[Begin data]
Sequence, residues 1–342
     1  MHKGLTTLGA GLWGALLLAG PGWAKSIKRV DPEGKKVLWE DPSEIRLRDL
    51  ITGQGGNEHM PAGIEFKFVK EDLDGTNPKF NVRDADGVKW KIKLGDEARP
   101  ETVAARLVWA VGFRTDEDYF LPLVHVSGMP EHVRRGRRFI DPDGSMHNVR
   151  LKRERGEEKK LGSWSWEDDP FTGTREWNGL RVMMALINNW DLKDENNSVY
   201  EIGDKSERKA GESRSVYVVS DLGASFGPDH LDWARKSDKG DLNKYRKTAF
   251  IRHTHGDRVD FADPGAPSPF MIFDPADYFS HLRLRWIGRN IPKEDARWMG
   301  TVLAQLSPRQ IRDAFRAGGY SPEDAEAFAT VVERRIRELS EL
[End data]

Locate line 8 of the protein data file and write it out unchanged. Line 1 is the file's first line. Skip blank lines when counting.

   301  TVLAQLSPRQ IRDAFRAGGY SPEDAEAFAT VVERRIRELS EL